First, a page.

Patients commented that the portability of the mobile phone-based telemonitoring system was useful, because it could be taken on vacation or to the cottage. The available website was seldom used by patients (only 13 patients ever logged onto the website), because all the relevant information was displayed on the mobile phone. Therefore, patient access to a computer was unnecessary.
...It gave me a lot of peace of mind, particularly (when) I was in Florida without a doctor nearby for three months, and it was just wonderful to know that my vital signs were being monitored. I'm very, very impressed at the responses that I got for those few times that the results were not within the guidelines. [Patient #18]
Clinicians liked the portability of the telemonitoring system, because they could monitor their patients from anywhere since the alerts were sent to their mobile phones. The website was also infrequently used by the clinicians, because the email alerts usually provided all the required information and enabled the clinician to simply click on the displayed patient’s phone number to dial the number.
…I was at my cottage or when I was away on a weekend, I was always able to be (informed about my patients). I was in Bermuda and calling patients from Bermuda when I was down there on a four-day holiday weekend, and I would get a hold of the patients and stay on top of things. [Cardiologist #1]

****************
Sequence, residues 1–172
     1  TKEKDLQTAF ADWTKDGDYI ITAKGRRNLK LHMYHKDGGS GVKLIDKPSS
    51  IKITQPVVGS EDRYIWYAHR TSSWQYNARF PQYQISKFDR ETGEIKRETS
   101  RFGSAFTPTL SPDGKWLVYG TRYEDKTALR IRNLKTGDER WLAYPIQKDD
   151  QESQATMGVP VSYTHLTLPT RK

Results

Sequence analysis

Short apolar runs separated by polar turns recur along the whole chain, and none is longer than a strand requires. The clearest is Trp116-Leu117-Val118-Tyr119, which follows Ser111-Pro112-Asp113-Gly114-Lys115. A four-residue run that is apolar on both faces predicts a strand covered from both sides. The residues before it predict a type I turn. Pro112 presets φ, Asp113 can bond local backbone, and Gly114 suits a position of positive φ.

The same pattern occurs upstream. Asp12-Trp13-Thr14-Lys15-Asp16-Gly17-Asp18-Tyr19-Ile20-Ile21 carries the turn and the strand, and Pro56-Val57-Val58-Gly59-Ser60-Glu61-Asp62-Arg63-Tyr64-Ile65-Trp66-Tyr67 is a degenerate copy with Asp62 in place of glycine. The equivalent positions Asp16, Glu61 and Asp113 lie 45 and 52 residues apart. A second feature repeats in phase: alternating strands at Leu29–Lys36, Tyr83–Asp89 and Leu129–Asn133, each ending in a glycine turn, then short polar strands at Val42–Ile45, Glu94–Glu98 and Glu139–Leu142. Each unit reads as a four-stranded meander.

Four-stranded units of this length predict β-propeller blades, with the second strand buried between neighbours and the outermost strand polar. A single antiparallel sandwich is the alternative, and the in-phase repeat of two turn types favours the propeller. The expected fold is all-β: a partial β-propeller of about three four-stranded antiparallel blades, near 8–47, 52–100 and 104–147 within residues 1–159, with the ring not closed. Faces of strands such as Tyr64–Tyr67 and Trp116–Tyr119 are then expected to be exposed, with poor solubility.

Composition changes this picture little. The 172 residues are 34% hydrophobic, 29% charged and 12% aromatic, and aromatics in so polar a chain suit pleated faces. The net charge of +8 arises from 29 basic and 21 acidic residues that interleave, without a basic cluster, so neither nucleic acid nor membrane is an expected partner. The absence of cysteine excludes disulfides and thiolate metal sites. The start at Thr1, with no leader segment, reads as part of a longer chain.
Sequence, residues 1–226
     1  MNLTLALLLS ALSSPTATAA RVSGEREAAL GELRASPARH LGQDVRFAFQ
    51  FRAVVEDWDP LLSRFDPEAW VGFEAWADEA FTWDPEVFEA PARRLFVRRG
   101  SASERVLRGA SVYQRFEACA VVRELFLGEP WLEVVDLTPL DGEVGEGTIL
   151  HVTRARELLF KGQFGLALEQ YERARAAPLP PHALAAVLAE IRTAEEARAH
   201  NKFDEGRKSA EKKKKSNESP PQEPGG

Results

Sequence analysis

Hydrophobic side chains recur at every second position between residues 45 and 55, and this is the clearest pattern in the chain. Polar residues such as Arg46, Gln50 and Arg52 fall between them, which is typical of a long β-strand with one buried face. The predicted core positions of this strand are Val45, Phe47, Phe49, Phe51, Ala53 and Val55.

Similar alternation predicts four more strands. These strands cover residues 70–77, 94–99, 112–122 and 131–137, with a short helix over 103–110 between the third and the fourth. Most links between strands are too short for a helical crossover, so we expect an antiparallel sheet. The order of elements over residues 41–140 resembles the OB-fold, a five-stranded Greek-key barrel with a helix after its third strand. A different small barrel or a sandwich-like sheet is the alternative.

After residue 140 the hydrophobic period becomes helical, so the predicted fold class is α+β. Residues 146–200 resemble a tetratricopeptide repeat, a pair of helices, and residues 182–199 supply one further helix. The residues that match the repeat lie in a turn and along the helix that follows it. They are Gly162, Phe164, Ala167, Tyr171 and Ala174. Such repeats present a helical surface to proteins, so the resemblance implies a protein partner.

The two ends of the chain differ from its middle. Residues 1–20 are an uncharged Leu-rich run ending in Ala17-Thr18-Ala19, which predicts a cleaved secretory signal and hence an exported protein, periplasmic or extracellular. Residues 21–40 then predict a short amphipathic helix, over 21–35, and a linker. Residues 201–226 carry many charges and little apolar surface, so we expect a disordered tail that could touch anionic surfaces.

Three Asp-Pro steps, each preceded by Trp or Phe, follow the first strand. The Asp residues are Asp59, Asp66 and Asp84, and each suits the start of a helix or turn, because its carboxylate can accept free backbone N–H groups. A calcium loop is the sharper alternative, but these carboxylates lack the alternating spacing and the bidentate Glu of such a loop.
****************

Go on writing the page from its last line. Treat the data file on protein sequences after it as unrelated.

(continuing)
Barriers to Long-Term Implementation
The large majority of patients wanted to continue to use the telemonitoring system indefinitely. The clinicians wanted to integrate the system into the Heart Function Clinic. However, there were several concerns raised regarding its long-term use.
The clinicians and patients indicated cost was one of the main barriers to implementing the telemonitoring system on a long-term basis, although the cost to deliver this mobile phone service is projected to be much lower than conventional telemonitoring systems. In general, patients thought the healthcare system should pay for the use of the telemonitoring system through the Ontario Health Insurance Plan (OHIP), because it would reduce healthcare system costs in the long run. Patients were asked if they would be willing to pay for the telemonitoring system (ie, equipment and monthly cellular phone/data charges). Some patients were willing to partially pay for the use of the telemonitoring system, if it was a reasonable amount. In fact, some patients offered to pay at the end of the trial to be able to keep using the telemonitoring system.